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How Pro-Poor is the Selection of Seasonal Migrant Workers from Tonga under New Zealand’s Recognised Seasonal Employer (RSE) Program?

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Author Info

  • John Gibson

    ()
    (University of Waikato)

  • David McKenzie

    ()
    (World Bank, BREAD and IZA)

  • Halahingano Rohorua

    (University of Waikato)

Abstract

Temporary migration programs for unskilled workers are increasingly being proposed as a way to both relieve labour shortages in developed countries and aid development in sending countries without entailing many of the costs associated with permanent migration. New Zealand’s new Recognised Seasonal Employer (RSE) program is designed with both these goals in mind, enabling unskilled workers from the Pacific Islands to work in horticulture and viticulture in New Zealand for a period of up to seven months. However, the development impact on a sending country will depend not only on how many workers participate, but also on who participates. This paper uses new survey data from Tonga to examine the process of selecting Tongans to work in the RSE, and to analyze how pro-poor the recruitment process has been to date. We find that the workers recruited come from largely agricultural backgrounds and have lower average incomes and schooling levels than Tongans not participating in the program. We also compare the characteristics of RSE workers to those of Tongans applying to permanently migrate to New Zealand through the Pacific Access Category, and find the RSE workers to be more rural and less educated. The RSE therefore does seem to have succeeded in creating new opportunities for relatively poor and unskilled Tongans to work in New Zealand.

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File URL: ftp://mngt.waikato.ac.nz/RePEc/wai/econwp/0808.pdf
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Bibliographic Info

Paper provided by University of Waikato, Department of Economics in its series Working Papers in Economics with number 08/08.

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Length: 20 pages
Date of creation: 18 Jun 2008
Date of revision:
Handle: RePEc:wai:econwp:08/08

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Keywords: development seasonal migration; selectivity;

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References

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  1. David McKenzie & Pilar Garcia Martinez & L. Alan Winters, 2008. "Who is coming from Vanuatu to New Zealand under the new Recognised Seasonal Employer (RSE) Program?," CReAM Discussion Paper Series 0806, Centre for Research and Analysis of Migration (CReAM), Department of Economics, University College London.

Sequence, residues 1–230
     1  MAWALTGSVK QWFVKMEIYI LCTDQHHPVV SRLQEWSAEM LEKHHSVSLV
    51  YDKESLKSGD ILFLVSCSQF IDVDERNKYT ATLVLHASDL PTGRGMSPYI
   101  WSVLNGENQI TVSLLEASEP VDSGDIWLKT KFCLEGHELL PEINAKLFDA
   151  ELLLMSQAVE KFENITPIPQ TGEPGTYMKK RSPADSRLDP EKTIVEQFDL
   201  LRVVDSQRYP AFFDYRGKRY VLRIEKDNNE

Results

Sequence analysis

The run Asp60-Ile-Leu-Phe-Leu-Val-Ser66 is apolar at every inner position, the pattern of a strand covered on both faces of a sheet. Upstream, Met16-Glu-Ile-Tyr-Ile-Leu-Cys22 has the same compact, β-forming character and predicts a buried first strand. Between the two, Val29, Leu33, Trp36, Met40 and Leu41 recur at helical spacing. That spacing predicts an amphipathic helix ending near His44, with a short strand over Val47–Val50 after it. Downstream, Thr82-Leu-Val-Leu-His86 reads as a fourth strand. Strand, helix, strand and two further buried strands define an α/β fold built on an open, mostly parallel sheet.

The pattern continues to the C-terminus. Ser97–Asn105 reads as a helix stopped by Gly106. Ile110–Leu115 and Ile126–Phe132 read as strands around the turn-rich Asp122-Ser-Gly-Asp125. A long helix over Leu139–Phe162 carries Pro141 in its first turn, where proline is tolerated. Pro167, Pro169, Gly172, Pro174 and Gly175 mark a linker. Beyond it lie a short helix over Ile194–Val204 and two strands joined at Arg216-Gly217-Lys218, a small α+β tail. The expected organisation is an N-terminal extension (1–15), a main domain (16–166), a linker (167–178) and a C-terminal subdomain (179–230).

2. McKenzie, David & Gibson, John & Stillman, Steven, 2013. "A land of milk and honey with streets paved with gold: Do emigrants have over-optimistic expectations about incomes abroad?," Journal of Development Economics, Elsevier, vol. 102(C), pages 116-127.
  3. McKenzie, David & Gibson, John & Stillman, Steven, 2006. "How important is selection ? Experimental versus non-experimental measures of the income gains from migration," Policy Research Working Paper Series 3906, The World Bank.
  4. Gilbert,Christopher L. & Vines,David (ed.), 2006. "The World Bank," Cambridge Books, Cambridge University Press, number 9780521029018, April.
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Cited by:
  1. Gibson, John & McKenzie, David, 2014. "Development through seasonal worker programs : the case of New Zealand's RSE program," Policy Research Working Paper Series 6762, The World Bank.
  2. Stillman, Steven & Gibson, John & McKenzie, David & Rohorua, Halahingano, 2012. "Miserable Migrants? Natural Experiment Evidence on International Migration and Objective and Subjective Well-Being," IZA Discussion Papers 6871, Institute for the Study of Labor (IZA).
  3. Gibson, John & McKenzie, David, 2009. "Preliminary Impacts of a New Seasonal Work Program on Rural Household Incomes in the Pacific," 2009 Conference, August 16-22, 2009, Beijing, China 50101, International Association of Agricultural Economists.
  4. John Gibson & David McKenzie & Halahingano Rohorua, . "Development Impacts of Seasonal and Temporary Migration: A Review of Evidence from the Pacific and Southeast Asia," Asia and the Pacific Policy Studies 201412, Crawford School of Public Policy, The Australian National University.

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